Smart villages: Driving development through entrepreneurship

While the word ‘Smart Village’ has become a buzzword in policy and rural development discussion, there is no universal definition of these villages

Updated: Oct 30, 2018 01:53:15 PM UTC
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Over 68 percent of India's population lives in rural areas. There has been a gradual increase in migration from villages to cities primarily for livelihood opportunities, better education, and healthcare facilities, among others. The rising burden on urban cities due to migration emphasises the need to transform villages so that they can meet the critical as well as aspirational needs of the villagers. This can be done using innovative technologies and transforming the service delivery models for villages. Transformed villages are called Smart Villages.

While the phrase ‘Smart Village’ has become a buzzword in policy and rural development discussion, there is no universal definition of such villages. Two things that are common to all Smart Villages are the extensive use of technology and integration of several key interventions in infrastructure and service delivery.

It’s an integrated approach of delivering access to skills and quality basic services including education, e-health, 24x7 power, safe food, among others.

There are numerous initiatives supported by the government, and spearheaded and supported by corporate social responsibility (CSR) initiatives and philanthropic institutions.

The Government of India launched the Shyama Prasad Mukherji Rurban Mission (SPMRM) in 2016, with the objective to spur social, economic and infrastructural development in rural areas. The mission aims at making villages smart and growth centers of the nation. In its first phase, it targeted to develop a cluster of 300 Smart Villages over the next three years across the country. Sansad Adarsh Gram Yojana, which envisages integrated development of selected villages was another step taken by government in this direction.

While the government-led initiatives rely on integration and convergence of the existing central and state government schemes to develop these Smart Villages or clusters, the CSR initiatives are generally more innovative in terms of implementation and use of technologies. For example, smartphone-maker Nokia has launched a Smartpur project which aims to create a sustainable ecosystem where community members can leverage digital tools to bring efficiency in daily lives. It aims to bring transparency in governance, economic prosperity for households and ease of access to various government services and information.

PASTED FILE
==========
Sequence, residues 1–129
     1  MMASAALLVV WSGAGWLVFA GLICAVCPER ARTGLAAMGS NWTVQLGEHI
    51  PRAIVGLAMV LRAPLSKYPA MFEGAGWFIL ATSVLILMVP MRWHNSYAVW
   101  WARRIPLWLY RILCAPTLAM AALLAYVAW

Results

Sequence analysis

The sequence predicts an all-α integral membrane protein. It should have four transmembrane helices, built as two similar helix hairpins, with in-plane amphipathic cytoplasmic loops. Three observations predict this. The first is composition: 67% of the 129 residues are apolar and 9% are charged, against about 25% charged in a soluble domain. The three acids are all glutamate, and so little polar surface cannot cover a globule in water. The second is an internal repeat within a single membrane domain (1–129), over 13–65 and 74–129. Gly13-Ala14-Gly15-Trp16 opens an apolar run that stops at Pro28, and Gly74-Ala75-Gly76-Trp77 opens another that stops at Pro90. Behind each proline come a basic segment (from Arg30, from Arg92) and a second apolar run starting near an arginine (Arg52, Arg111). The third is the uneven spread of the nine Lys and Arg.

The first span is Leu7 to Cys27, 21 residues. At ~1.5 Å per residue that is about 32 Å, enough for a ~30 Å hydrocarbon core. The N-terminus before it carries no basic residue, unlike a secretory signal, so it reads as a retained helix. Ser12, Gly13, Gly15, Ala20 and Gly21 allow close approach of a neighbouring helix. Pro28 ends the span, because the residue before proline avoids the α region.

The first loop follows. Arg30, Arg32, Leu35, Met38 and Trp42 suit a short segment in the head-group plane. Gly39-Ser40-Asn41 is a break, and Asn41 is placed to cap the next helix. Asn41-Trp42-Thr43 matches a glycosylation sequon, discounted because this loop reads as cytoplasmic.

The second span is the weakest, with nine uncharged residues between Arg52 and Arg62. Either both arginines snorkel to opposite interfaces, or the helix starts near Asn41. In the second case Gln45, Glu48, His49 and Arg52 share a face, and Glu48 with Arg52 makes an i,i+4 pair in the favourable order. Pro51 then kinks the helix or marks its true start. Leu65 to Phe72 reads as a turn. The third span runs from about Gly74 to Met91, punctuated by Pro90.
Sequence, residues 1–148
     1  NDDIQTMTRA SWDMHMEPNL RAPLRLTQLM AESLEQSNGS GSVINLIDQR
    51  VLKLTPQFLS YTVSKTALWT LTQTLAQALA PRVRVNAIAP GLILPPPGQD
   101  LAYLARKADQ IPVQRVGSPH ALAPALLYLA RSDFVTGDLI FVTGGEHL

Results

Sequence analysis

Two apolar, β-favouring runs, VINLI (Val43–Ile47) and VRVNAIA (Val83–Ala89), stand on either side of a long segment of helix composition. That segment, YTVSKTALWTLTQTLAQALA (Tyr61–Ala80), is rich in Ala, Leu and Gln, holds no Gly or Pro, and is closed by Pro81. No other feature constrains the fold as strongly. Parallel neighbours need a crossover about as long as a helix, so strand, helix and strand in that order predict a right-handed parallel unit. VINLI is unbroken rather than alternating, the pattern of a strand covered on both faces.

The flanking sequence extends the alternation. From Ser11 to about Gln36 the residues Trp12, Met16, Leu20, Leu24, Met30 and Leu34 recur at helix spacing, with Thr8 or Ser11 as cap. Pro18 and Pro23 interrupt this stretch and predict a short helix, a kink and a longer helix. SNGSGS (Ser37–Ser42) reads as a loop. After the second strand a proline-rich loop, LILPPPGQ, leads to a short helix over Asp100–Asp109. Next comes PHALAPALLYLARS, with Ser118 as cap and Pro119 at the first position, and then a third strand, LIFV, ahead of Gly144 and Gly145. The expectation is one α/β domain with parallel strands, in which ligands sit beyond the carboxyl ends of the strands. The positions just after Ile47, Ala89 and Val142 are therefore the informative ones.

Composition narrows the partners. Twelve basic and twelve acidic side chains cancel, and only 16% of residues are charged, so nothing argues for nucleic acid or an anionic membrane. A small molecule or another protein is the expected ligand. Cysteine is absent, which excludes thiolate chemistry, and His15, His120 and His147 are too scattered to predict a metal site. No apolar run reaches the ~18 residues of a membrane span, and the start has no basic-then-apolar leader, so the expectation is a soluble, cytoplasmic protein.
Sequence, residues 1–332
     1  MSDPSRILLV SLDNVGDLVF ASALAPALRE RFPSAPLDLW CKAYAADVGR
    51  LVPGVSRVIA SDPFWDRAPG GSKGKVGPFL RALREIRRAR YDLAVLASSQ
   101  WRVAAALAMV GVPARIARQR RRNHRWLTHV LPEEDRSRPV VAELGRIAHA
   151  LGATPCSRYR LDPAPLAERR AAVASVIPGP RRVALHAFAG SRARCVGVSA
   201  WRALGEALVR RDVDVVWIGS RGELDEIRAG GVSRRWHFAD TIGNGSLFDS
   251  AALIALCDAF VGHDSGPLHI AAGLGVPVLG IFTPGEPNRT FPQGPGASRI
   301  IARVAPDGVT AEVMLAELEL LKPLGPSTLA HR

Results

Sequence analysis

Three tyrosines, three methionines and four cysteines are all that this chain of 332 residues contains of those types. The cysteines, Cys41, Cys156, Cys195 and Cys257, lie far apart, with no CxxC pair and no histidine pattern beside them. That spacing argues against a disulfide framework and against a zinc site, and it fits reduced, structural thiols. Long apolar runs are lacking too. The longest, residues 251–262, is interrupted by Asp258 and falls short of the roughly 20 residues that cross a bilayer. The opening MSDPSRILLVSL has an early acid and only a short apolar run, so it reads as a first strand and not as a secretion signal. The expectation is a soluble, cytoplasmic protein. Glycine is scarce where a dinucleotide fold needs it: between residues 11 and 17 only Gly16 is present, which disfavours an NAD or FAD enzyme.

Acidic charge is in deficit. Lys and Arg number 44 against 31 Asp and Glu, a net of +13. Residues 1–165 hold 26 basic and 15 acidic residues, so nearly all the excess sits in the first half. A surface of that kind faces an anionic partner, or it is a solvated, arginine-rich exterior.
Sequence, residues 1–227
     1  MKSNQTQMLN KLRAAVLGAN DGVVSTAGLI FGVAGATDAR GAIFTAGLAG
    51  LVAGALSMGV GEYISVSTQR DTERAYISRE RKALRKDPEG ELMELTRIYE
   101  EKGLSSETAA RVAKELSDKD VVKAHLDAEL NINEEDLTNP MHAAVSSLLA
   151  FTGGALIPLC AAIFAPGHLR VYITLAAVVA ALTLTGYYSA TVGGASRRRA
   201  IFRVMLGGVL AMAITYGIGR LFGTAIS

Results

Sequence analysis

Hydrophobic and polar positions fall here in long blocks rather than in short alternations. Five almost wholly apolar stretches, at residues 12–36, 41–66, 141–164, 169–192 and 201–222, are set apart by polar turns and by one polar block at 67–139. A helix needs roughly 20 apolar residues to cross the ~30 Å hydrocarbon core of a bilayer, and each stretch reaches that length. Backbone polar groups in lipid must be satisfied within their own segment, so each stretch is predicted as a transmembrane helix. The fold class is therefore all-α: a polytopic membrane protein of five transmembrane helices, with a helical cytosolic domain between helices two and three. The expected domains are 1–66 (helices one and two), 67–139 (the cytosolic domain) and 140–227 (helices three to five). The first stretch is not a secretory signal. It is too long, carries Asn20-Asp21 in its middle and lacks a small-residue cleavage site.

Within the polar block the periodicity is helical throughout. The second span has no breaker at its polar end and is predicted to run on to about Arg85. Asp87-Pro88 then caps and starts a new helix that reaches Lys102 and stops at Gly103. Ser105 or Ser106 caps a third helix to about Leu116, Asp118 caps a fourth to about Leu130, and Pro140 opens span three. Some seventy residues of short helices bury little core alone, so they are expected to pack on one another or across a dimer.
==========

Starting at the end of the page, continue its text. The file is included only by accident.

Tata Trusts supports agriculture intervention for tribal communities under its Lakhpati Kisan – Smart Villages program. While these CSR or philanthropic institutions do work closely with government institutions, their model of engagement and the partnership with the government vary significantly.

These initiatives have provided key learnings to empower institutions, build engagement models and frameworks for planning, and developing implementation strategies for Smart Villages.

We suggest learning from the Smart Cities mission, but we also caution that these learnings must be contextualised and synthesised, as Smart Villages are very different from Smart Cities. The latter are more focused on increasing the overall efficiency and improvement in civic infrastructure, while Smart Villages envisage the need of building the facilities from scratch.

One of the key challenges in developing Smart Villages is ensuring their sustainability. This can only be addressed if we build our Smart Village strategy with entrepreneurship at its core. Thankfully, India has one of the most vibrant entrepreneurial ecosystem that is working towards addressing rural development challenges using innovative technologies and business models.

We have enterprises that are addressing healthcare needs (Glocal Healthcare Systems, mHealth, iKure), delivering quality education (Gyanshala, Hippocampus, Avanti), providing decentralised energy solutions (Sun Moksha, Mera Gao Power, Mlinda), transforming agriculture productivity (Ekgaon, Jain Irrigation, Milk Mantra), providing drinking water and sanitation services (Sarvajal, Svadha, Banka Bioloo), creating livelihood opportunities for women (Dharma Life, Frontier Markets, Sudiksha Knowledge Solutions), and so on. The need is to integrate this approach for the Smart Village vision.

Along with focus on entrepreneurship, there is also a need to provide training and capacity building support to Panchayati Raj institutions and other rural administrative bodies so that they can start thinking beyond the traditional approaches and become amenable to innovative implementation models. These institutions can play a pivotal role in enabling entrepreneurs by supporting them in demand estimation, facilitating community mobilisation and partnerships, and integrating enterprises in the vision of Smart Villages.

Finally, we need to focus on identifying gaps in the existing entrepreneurship ecosystem, especially the critical factors that could enable entrepreneurs to participate in development of Smart Villages more actively. The focus needs to be on fine tuning engagement models, financing of initiatives, as well as the policy framework. Customised solutions will augment the development of Smart Villages in India.

Santosh Kumar Singh is Director and Ankit Gupta is Manager at Intellecap.

The thoughts and opinions shared here are of the author.

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